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Tuesday, January 3, 2012

Your Dog's Dessert: The package says "Healthy", But Is It Really?

This is a special guest post regarding healthy dog treats & dog diets by Bruce Dwyer, owner of and . He has provided this post for our loving community, and I hope everyone enjoys his post!

There is considerable discussion out there about the benefits of meat in a dog’s diet. At worst case, most people will acknowledge that the wolf (its immediate ancestor) is a very strong carnivore, and that dogs maintain all of their internal workings of a wolf. In the wild dogs will always eat meat, unless none is available. They only eat vegetable matter to make themselves sick or small amounts of berries to survive. The case against them being carnivores is loosely based on the concept that they are  facultative carnivores, not obligate carnivores, meaning that in theory they have a choice to eat meat or not. The reality is in the wild they crave meat and hunt down prey to get it. In the wild dogs consume vegetable matter mostly accidently through the prey’s stomach. As this would comprise 5% or less of their total diet, why would owners feed them a 90% grain diet that most commercial dog food manufactures push on pet owners? The only answer is because it is a cheap input and maximizes profit, and is advertised widely.

I can’t force people to change their dog food preference. But what I do suggest is that regardless of what you feed your dog as its main meal, you should in the very least consider an all meat, no additive, no coloring dog treat as the healthiest of supplement in their daily life. Most people understand that this inherently makes sense for their dog’s health.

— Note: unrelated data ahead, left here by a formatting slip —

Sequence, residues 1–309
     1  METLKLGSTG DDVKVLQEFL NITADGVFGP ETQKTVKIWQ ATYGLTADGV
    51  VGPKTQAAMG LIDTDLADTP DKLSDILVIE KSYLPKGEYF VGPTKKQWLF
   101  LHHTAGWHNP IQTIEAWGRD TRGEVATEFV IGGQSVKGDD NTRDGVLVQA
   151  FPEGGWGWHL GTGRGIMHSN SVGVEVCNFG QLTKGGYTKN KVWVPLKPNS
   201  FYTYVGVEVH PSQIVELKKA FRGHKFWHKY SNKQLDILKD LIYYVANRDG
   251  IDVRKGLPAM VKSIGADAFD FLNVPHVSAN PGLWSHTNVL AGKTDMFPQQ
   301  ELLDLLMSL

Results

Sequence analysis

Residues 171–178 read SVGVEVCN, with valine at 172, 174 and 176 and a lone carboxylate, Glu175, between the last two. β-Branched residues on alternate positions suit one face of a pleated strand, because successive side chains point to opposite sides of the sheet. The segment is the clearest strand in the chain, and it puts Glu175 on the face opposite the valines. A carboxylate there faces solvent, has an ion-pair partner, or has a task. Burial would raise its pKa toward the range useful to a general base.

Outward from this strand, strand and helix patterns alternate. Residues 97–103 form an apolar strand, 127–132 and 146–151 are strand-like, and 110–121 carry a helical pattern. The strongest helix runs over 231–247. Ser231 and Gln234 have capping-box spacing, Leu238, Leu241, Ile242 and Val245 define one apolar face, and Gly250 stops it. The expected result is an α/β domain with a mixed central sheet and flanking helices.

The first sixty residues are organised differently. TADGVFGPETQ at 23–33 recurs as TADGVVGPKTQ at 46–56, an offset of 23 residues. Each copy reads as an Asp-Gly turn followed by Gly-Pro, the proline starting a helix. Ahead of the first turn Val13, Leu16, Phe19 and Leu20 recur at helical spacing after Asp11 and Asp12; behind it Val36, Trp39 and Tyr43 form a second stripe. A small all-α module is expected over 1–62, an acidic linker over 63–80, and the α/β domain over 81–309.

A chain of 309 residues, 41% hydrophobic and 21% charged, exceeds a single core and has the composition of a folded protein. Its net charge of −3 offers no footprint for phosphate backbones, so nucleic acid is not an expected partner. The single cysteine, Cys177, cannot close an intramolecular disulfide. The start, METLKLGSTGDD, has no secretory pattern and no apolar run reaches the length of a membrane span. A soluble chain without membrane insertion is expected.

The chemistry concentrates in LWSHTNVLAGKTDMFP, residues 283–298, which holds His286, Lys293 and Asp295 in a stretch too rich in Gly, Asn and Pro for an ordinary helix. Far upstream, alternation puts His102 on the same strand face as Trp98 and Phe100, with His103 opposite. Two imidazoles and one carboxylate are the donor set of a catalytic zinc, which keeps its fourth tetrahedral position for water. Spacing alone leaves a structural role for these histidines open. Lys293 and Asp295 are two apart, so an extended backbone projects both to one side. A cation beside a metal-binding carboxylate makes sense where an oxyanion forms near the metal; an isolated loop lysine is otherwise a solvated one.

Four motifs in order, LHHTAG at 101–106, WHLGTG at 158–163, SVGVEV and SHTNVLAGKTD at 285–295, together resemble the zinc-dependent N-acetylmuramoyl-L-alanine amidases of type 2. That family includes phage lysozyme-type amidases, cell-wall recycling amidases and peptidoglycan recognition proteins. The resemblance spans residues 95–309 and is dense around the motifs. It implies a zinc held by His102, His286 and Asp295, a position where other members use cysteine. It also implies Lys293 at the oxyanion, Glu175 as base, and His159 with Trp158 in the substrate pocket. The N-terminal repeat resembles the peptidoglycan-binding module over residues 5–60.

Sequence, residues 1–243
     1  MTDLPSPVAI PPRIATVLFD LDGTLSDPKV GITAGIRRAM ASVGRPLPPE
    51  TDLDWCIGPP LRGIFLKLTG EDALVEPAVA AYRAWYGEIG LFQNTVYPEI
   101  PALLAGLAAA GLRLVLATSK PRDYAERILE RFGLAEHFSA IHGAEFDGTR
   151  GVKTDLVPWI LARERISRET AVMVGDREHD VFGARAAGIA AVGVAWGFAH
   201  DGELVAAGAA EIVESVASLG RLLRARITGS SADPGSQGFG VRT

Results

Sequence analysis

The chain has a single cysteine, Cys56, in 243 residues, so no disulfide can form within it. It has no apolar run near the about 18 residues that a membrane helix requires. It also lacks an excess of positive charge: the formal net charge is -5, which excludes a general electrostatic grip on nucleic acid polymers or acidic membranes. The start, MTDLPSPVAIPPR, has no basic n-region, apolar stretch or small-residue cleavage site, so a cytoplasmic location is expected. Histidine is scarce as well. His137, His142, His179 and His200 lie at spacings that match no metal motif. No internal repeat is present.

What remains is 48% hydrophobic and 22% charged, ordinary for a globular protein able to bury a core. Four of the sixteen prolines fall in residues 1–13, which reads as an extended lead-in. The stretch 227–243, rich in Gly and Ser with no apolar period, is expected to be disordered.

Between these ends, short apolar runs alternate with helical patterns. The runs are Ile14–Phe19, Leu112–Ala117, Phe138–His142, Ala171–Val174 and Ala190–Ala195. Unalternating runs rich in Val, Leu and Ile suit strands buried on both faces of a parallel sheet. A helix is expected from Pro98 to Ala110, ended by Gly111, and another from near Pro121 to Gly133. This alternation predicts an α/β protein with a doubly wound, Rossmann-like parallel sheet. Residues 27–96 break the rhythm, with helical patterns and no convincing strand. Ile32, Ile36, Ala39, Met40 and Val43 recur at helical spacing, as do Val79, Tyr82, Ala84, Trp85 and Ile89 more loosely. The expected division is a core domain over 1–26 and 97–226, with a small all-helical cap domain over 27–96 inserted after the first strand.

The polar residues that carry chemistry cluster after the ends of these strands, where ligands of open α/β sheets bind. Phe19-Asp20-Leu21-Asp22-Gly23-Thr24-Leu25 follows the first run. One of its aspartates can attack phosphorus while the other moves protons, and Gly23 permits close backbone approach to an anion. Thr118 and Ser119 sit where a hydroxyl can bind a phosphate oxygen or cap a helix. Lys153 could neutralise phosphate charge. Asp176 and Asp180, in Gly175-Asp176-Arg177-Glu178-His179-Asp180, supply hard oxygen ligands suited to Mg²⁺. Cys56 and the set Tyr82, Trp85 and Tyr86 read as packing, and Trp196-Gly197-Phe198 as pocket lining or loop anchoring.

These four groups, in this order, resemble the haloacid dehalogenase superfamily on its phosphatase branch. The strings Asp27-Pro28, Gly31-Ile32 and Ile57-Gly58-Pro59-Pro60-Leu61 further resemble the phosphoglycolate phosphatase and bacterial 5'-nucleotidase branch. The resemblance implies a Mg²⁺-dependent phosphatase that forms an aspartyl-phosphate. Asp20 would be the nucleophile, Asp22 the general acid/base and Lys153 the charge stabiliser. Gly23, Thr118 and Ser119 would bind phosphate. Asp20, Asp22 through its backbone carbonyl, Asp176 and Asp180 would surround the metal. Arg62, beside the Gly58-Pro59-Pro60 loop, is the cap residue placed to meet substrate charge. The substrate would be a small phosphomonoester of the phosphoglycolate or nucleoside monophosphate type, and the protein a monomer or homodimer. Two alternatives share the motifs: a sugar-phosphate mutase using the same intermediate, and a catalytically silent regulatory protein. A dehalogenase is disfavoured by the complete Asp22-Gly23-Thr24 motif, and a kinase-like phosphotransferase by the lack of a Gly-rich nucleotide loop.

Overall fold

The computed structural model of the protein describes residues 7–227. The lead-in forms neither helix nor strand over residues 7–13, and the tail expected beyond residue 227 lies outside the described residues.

The dog treat advice I give owners is mostly dependent on a dog’s age and meat preference. If their dog is old it will require the softer treats like kangaroo sticks and chicken sticks. If the dog chews a lot and they want a long lasting treat, I recommend beef jerky, roo jerky or even duck fillet. If they want their dog getting the full benefit of the whole animal (as they would in nature) I recommend things like roo meat balls and chicken meat balls. It is also important for a dog’s immune system and variety in nutrients that it gets as many different types of meat and therefore meat proteins into it system as it can. That is why if a dog is mainly fed chicken and beef, I suggest them trying duck, kangaroo or even emu meat. For training purposes I always recommend beef liver and beef liver balls.

If you buy any kind of dog treat for your dog I also recommend that you carefully select where it is made and what is actually in it. For maximum benefit you should look for treats that are 100% meat with no artificial flavors or colors. While export restrictions mean that the healthy dog treats I supply clients with are restricted to Australia, my websites show you what kinds of all meat treats you should aim to purchase as well as many 100% original dog articles aimed at understanding healthy dog practices and how dog food plays an important part of that.

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